Gulf Coast business still suffering from offshore drilling slowdown


02 06, 2012 by Fuel Fix

A Louisiana economic development group says federal permitting for deep-water drilling continues to fall well below levels prior to the 2010 Gulf of Mexico oil spill, causing area businesses to lay off workers and relocate away from the Gulf Coast.

In a report released last week, the Greater New Orleans, Inc. economic alliance studied the rate of federal permitting for offshore activity since the moratorium on deep-water drilling was lifted in October 2010.

The group found that federal regulators have approved about three deep-water drilling permits per month since the moratorium ended, down from six permit approvals per month prior to the spill.

The Deepwater Horizon rig explosion in April 2010 killed 11 people and unleashed the largest offshore oil spill in U.S. history. In its wake, the feds clamped down on offshore oil activity, instituting a six-month moratorium on deep-water drilling.

The study found that permit approval took an average 109 days in 2011, compared to 61 days during the five years prior. The percentage of drilling plans approved fell to 34 percent in 2011, from an average 73 percent.

In the group’s survey of 99 companies, 49 percent said they had laid off workers in response to the moratorium, including engineers, office staff, riggers and captains. About 38 percent said they reduced employee hours or salaries. The average annual revenue for the responding companies fell from $136.5 million before the spill to $104.5 million today.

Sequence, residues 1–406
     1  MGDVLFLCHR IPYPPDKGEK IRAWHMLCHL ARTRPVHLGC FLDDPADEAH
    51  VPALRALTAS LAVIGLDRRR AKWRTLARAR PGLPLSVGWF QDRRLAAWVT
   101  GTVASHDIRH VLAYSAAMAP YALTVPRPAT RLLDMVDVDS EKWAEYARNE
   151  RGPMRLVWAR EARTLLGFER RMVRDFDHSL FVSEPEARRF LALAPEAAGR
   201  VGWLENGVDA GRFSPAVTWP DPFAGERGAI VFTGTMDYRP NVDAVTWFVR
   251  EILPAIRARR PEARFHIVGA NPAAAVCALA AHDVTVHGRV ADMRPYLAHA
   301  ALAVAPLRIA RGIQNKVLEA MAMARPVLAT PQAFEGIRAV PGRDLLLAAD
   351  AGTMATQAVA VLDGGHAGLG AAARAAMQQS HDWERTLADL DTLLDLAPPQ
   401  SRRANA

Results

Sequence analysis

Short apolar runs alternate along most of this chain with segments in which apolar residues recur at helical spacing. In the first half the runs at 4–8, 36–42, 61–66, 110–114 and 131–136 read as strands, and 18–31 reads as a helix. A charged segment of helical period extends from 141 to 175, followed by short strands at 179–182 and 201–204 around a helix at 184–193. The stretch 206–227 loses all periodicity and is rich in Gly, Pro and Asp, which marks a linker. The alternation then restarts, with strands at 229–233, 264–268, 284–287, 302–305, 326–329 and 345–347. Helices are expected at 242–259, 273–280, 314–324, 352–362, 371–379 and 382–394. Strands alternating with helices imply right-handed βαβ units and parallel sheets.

Of the respondents, 46 percent said they had moved all or part of their operations away from the Gulf of Mexico as a result of the moratorium.

However, the report noted that businesses negatively affected by the moratorium were more likely to respond to the survey, possibly causing skewed results.

Across Louisiana, the oil and gas extraction industry didn’t shed workers, remaining at about 8,500 employees before and after the moratorium, according to the report. The number of workers in supporting industries rose 6 percent, from 37,718 immediately before the oil spill to 39,840 after the moratorium was lifted.

The study attributed the employment growth to greater onshore oil drilling in the state’s shale gas areas.

“Several survey respondents mentioned hiring new workers for shale work,” the report noted. “The Haynesville Shale activity in North Louisiana may have mitigated some of the employment decreases resulting from decreased activity in the Gulf of Mexico.”

Greater New Orleans, Inc. is an economic development alliance that promotes the interests of businesses in New Orleans’ 10-parish area.

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